Rule of thumb: don't mess with ball joints.

Dear Car Talk

Dear Car Talk | Feb 01, 2003

Dear Tom and Ray:

I have a 1982 Mazda B2000 pickup truck, which has been the most reliable and trustworthy vehicle I have ever owned. It is all beat up, and it's now primarily used for trips to the dump and miscellaneous hauling. It has almost 100,000 miles, but it only gets driven about 2,000-3,000 miles a year now. The steering has been groaning lately, and my mechanic says the ball-joint boots cannot hold the lubricant. He said the ball joints and associated tie rods should be replaced. He said the cost of this repair is likely to be far more than the truck is worth. He also said that for as little as I drive it, I could probably get by without making the repair; it would just be noisy and sticky to steer. But I found that if I drown the ball joints in WD-40, the groaning goes away and steering is easier for months at a time. Is this safe? Can I just continue to use the WD-40 as the ball-joint lubricant indefinitely? -- Richard

RAY: I wouldn't, Richard. Our general rule is: You don't mess with ball joints.

TOM: The lubricant that belongs in there is a very heavy-duty, high-temperature grease. And you're replacing it with a household spray that isn't really even a lubricant. It obviously has lubricating properties, but WD-40 is really a desiccant, or water remover.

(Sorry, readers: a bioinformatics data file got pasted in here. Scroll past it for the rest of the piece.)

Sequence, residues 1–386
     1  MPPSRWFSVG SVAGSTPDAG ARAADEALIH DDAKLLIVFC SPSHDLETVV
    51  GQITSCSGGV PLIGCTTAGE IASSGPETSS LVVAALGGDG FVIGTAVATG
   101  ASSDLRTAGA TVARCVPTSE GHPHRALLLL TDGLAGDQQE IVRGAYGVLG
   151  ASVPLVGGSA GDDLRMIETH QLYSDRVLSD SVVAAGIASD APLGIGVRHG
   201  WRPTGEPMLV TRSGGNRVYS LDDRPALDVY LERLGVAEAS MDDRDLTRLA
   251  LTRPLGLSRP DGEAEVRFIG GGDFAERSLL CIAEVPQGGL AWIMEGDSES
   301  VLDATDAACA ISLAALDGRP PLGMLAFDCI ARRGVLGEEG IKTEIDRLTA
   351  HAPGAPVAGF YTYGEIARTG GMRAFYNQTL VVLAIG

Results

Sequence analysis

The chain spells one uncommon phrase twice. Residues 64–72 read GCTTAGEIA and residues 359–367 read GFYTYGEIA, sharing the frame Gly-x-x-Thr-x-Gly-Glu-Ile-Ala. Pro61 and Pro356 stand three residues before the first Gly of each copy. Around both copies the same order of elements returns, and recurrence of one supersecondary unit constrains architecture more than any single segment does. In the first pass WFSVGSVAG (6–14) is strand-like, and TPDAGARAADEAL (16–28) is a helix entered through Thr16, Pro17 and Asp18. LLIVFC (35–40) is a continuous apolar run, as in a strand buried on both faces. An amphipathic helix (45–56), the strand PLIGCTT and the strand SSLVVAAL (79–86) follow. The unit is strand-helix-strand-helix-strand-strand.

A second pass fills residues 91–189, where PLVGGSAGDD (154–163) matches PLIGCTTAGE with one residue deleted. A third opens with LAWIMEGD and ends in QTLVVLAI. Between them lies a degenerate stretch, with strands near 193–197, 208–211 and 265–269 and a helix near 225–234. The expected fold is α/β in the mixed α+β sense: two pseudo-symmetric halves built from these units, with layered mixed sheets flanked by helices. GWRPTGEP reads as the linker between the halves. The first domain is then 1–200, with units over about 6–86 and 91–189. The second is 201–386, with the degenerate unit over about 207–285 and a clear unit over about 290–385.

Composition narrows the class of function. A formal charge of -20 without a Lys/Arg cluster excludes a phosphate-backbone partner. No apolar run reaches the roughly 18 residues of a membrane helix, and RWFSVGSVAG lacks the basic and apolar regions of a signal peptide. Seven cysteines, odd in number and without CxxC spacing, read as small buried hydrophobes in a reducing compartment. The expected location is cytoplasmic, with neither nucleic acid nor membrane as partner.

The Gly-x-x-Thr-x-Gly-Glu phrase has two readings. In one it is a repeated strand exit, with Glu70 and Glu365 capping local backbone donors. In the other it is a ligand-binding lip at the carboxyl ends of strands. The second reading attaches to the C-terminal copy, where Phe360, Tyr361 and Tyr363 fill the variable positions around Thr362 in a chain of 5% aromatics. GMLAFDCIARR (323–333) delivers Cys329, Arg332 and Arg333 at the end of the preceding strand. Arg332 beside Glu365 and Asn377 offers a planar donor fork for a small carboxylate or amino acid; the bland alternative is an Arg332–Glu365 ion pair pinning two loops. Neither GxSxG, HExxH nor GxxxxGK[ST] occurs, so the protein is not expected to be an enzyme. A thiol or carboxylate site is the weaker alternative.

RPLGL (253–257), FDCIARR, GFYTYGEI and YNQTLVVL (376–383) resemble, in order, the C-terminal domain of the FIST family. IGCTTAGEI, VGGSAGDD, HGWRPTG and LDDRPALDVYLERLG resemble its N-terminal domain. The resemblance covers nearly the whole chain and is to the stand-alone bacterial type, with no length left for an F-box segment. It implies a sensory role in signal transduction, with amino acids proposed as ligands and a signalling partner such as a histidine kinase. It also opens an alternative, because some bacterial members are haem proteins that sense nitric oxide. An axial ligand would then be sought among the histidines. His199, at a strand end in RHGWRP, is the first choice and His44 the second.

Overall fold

RAY: And, given the stakes -- if a ball joint breaks, a wheel falls off -- it's not something you want to mess around with.

TOM: On the other hand, if you're on your way to the dump anyway ...

RAY: I'd go ahead and change the ball joint, Richard. It's probably only one of them that's bad. And they only cost 100 bucks. C'mon. You've had this truck since 1982, it hasn't given you a lick of trouble, it's the best vehicle you've ever owned, and you won't drop 100 bucks to keep it running?

TOM: And "how much it's worth" doesn't matter, Richard. So what if you can only get $50 for it if you sell it? The question is, what's it worth TO YOU? My guess is, it's worth a lot more than that.

RAY: Besides, if you're never supposed to put more into a car than the car is worth, my brother would violate that law every time he fills up his car with gas.

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